8. Greenland. Greenland has been in the news more the last few years than it was for the previous half century. First, Trump muses about purchasing the island outright. Last week, Canadian rare earth processor Neo Performance Materials announced they were going to purchase the rights to explore a mineral deposit in Greenland that contains rare earth elements used to make magnets for electric cars, missiles, and wind turbines. The goal is to have the mine operational in two years. This is the second attempt at a mine in Greenland by the corporation. The first, a uranium mine was blocked by an opposition party that used the mine as a vehicle to elect enough people to parliament to block it. Greenland has a population of 56,000, most of them Inuit. Contrast the support and approval of this rare earth mine with the decades long fight against a similar rare earth mine here in Alaska by regional natives, the Pebble mine. Opposition to it was funded by the richest man in the state, Bob Gillam, who put together a green infrastructure that managed to convince the entire Alaska congressional delegation to oppose the mine. Gillam is long gone, but the infrastructure he put into place is still humming along nicely.
9. Urine. Scott Adams is of the opinion that humanity will solve all problems if they know about those problems soon enough. He refers to this as the Law of Slow-Moving Disasters. For instance, anything associated with climate is a slow-moving disaster, with humanity turning into a figurative turnip always a decade or five from now. But we are well on our way to solving CO2 emissions into the atmosphere by moving away from coal to natural gas, and now GenIV nukes. Fast moving disasters are much more of a problem, with the solution record spotty, at best. Think of a surprise volcanic eruption or a comet impact next week. The longer we have to respond, the better we do. And we do the very best when the difficulty is decades out. With this in mind, the new worldwide life-threatening problem is going to be a food shortage, not this year, but by next year. Reason? Fertilizer shortage that is already impacting planning for next year’s planting. Potentially, this is quite serious. Fertilizer is generally produced as a way to use excess natural gas without flaring it into the atmosphere. And nations with an excess of natural gas usually produce lots and lots of fertilizer. The US used to do this. That mostly stopped the last couple years. Russia used to sell a lot of fertilizer. For a number of reasons, their production has dropped precipitously. So, if fertilizer is at a premium, what else is available? One substance organic gardeners use on plants and compost piles is urine, human and otherwise. Lilacs here in Alaska are considered dominant plants, as they grow really well in the right conditions. An old-time suggestion for growing them is to empty a bladder on your lilac from time to time. More difficult for the ladies than the guys, but you get the idea. If you have an active compost pile that you want to cook, a lot of people add rabbit droppings / urine. All of us with lawns take a look at the dark green patches of grass fertilized into existence by neighborhood dogs. There are a lot of things that can be used as fertilizer. Whether we have sufficient time to scrape off the thick encrusting layer of bureaucratic detritus that will allow the marketplace to arrive at a quick solution is another thing entirely.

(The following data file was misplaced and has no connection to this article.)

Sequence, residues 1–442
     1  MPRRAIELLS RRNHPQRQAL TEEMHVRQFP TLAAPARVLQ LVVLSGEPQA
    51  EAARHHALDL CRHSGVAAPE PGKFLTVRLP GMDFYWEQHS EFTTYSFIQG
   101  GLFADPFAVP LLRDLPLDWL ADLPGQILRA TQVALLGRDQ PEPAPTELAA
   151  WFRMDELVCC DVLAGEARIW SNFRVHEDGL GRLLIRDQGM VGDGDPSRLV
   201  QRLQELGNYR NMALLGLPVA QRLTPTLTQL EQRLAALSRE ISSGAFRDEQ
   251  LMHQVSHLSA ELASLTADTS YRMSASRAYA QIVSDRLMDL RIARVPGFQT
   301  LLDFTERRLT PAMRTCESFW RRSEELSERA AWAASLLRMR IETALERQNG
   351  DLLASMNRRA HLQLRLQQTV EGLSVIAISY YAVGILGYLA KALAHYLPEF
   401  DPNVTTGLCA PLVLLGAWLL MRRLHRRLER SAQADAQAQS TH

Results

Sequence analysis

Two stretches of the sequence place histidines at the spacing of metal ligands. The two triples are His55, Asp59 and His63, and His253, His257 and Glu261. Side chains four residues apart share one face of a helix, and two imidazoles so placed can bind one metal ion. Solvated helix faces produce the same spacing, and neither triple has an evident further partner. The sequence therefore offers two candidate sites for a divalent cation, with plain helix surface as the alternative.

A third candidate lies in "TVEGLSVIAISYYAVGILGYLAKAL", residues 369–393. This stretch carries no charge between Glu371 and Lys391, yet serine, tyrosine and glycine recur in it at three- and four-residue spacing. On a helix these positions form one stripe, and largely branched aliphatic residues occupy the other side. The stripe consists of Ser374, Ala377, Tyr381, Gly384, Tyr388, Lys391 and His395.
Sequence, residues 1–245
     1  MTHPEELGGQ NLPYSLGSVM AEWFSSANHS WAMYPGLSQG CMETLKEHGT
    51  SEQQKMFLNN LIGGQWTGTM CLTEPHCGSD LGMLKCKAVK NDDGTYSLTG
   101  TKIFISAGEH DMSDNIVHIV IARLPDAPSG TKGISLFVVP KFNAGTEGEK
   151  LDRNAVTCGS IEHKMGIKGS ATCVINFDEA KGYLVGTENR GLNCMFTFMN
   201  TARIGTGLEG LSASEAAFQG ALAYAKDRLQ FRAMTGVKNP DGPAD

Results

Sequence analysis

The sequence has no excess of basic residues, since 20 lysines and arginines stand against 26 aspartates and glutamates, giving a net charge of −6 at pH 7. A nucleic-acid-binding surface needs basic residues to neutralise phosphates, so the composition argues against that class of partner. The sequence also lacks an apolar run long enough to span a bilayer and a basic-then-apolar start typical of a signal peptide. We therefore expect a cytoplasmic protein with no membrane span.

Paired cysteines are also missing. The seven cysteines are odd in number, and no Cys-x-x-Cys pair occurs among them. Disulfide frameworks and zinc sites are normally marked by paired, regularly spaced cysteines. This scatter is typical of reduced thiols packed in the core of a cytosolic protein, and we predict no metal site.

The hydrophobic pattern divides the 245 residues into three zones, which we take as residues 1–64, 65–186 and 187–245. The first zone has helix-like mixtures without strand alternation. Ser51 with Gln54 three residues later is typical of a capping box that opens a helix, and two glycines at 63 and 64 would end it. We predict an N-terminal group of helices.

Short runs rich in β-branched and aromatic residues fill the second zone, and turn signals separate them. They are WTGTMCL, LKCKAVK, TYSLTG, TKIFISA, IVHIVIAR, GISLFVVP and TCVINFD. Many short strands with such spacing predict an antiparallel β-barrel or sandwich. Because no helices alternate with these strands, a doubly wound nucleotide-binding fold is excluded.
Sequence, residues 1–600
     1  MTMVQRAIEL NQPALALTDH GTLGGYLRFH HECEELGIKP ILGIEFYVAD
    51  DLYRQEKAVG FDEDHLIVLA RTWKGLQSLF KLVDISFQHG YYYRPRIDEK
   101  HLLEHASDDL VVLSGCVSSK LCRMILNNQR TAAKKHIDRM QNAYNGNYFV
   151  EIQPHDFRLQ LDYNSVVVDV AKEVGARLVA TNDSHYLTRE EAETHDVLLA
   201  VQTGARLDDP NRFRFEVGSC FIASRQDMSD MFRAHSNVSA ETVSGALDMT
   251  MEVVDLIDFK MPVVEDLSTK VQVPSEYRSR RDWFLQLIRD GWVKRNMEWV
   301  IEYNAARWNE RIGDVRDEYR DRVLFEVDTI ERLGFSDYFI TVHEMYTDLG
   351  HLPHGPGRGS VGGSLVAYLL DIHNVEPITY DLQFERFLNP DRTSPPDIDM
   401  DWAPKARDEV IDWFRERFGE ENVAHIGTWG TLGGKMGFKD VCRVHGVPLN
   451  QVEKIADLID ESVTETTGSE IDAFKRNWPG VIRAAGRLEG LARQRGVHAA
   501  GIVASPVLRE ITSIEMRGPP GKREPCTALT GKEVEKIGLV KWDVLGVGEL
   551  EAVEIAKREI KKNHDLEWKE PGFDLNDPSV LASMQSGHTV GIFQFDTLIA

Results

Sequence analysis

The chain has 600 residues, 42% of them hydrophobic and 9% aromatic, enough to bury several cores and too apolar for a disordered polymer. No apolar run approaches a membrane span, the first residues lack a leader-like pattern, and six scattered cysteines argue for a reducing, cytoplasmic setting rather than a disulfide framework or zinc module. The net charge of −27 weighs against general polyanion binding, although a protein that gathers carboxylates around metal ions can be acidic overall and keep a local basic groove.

More later –